The time has come! I am finally blogging about my favorite book series that I have mentioned in many other posts. I’ve seriously read all of the books about ten times each and I’m not even exaggerating. Percy Jackson and the Olympians is one of the best books that a kid could read. Some say that it’s just one of those fast reads to pass the time and that you’ll forget it all a year later (*cough cough* my sister). I mean, sure, it doesn’t use fancy language and it’s so exciting that you’ll fly through the book, but it’s more than just a fast read. It teaches about Greek mythology, which is actually a great thing to know.
Before I go into why it’s the best series, here’s a quick summary of what it’s about.
Percy Jackson grew up thinking that, besides his ADHD and dyslexia, he was a normal kid. Then, due to an unfortunate series of events, he ends up at Camp Half Blood. Here he learns that everything from Greek mythology is true and that he is a demigod, the son of a mortal and a god. Camp Half Blood is the only safe place for demigods because the monsters from the legends are real and they hunt for demigods. At camp, he makes friends and trains to become a Greek warrior. Throughout the series, he and his friends go on dangerous quests and meet/learn about gods, monsters, and stories from Greek mythology.
Here Percy meet the minotaur
Here our heroes meet the sorceress Circe. Guess where Percy is.
Riding pegasi would definitely be a perk to being a demigod!
These are all amazing fan art pictures people drew of scenes from the book. There’s a lot more, but I’ll just leave it at that.
And that’s the story of Percy Jackson in a nutshell. Of course, there’s a super cool plot to the story, an epic problem to resolve, and amazing characters, but I don’t want to give too much away.
Maybe I’m overly enthusiastic about these books, but they are the first books I read that I actually enjoyed. Up until sixth grade, I hated reading. Thanks to a friend, I reluctantly agreed to read Percy Jackson, and to my surprise, I loved it. That’s why I think it’s a great series for kids. Lots of kids hate reading and say it’s not for them, but I don’t think that’s true. Reading is for everyone. As it was in my case, I think the kids who hate reading just haven’t found a type of book that they enjoy yet. Maybe Percy Jackson isn’t some great classic piece of literature, but honestly, great classic pieces of literature bore kids to death. They need some fun reads so that they can learn to first enjoy reading, and then move on to higher level books. For example, after I learned that I liked reading, I sped through many, as my sister would call them, “insubstantial fast reads.” But even these books helped me. By the time I was forced to read hard-to-understand classics, I was read to move on from the “insubstantial fast reads” and finally enjoy the old classics I had hated for so long.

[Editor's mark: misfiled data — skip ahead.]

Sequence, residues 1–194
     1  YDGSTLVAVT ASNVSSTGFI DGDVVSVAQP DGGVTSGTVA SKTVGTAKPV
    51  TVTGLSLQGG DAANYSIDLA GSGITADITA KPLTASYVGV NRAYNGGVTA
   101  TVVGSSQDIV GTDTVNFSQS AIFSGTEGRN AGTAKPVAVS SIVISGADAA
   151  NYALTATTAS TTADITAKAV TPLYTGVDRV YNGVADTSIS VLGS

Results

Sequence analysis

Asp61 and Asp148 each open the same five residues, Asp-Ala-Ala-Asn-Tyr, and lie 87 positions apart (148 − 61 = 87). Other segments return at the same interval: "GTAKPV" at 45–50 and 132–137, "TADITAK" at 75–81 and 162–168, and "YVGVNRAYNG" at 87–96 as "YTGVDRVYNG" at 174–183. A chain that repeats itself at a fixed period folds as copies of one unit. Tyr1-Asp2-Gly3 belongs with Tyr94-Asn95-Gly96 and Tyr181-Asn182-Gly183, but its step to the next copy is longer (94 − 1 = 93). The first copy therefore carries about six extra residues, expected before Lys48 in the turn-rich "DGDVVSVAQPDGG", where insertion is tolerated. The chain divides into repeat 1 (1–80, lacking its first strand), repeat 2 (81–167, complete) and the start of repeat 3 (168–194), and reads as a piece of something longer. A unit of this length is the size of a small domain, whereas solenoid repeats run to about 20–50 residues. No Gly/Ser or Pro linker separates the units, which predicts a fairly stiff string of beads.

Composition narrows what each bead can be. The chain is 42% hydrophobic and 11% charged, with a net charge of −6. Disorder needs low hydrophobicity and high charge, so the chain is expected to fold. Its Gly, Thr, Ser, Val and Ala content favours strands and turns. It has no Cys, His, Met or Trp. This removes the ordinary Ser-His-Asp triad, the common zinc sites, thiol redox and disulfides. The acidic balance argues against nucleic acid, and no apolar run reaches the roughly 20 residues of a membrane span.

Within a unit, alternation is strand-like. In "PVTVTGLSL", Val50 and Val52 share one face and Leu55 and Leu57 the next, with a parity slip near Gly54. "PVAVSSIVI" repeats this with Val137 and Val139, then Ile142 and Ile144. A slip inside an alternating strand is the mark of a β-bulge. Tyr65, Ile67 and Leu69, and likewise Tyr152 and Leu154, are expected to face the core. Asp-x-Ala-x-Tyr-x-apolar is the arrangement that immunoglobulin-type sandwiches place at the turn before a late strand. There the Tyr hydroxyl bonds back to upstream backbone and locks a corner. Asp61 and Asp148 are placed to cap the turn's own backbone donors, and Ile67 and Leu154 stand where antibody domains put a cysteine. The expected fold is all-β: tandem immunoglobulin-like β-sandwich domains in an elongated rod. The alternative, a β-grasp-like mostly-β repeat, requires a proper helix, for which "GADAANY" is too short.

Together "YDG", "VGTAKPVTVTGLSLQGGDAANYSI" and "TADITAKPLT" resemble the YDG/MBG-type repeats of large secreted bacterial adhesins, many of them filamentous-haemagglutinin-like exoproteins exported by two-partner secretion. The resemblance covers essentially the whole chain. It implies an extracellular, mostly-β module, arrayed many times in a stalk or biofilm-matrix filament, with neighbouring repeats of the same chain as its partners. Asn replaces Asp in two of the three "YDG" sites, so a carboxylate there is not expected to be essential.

Not only is Percy Jackson and the Olympians a great bridge to higher level reading, but the series itself teaches something really useful: mythology. Now when I was in sixth grade, mythology wasn’t of much use to me, but I really enjoyed the it the way Rick Riordan wrote about it. He does write about stories and characters from Greek mythology accurately, but he adds more personality to them which make it much more interesting. It wasn’t until seventh or eighth grade that I started to appreciate the mythology I had learned. We were learning about ancient Greece in history so knowing something about it gave me a little advantage over many of the other kids. The summer before tenth grade I was REALLY grateful that I had read Percy Jackson. For my summer English homework, I had to read a gigantic book about mythology. Percy Jackson saved my life. The whole book was a bit dull but I was able to get through it because I could relate it to my favorite series. Plus I already know most of the stories in the mythology book. It’s just that even though both Percy Jackson and the Olympians and the Mythology book talk about a lot of same things, Percy Jackson is more interesting, and therefore easier to learn. It has more of a story and developed characters with personalities. The mythology book’s character’s, however, are not very developed. It just tells you what happens, so when something happens to a character or someone dies, I didn’t care much because I didn’t really know the character. Basically, without Percy Jackson, I would’ve forgotten everything in about a month. And when it came to the test on mythology the first week of school, I realized that I would have done well even if I hadn’t done the summer homework. Most of the books we read in tenth grade English class made a ton of references to mythology, so knowing it helped me better understand, appreciate, and enjoy the literature we read. It also helped when I had to analyze these references for homework. Looking back, I’m so glad I read this series in sixth grade. Back then, it was just a fun book for me to read, but now it’s also the most helpful thing I have ever read.
So Percy Jackson is the bridge to higher level reading in two ways: 1. Because it helps kids first learn to like reading and 2. because it teaches mythology and a bunch of works of literature make an insane amount of references to mythology. Those are just the practical reasons though. I really say it’s the best book just because it has an amazing story, and all humans love a good story. That’s what makes a book good. Percy Jackson and the Olympians is exactly that: a great story…with benefits.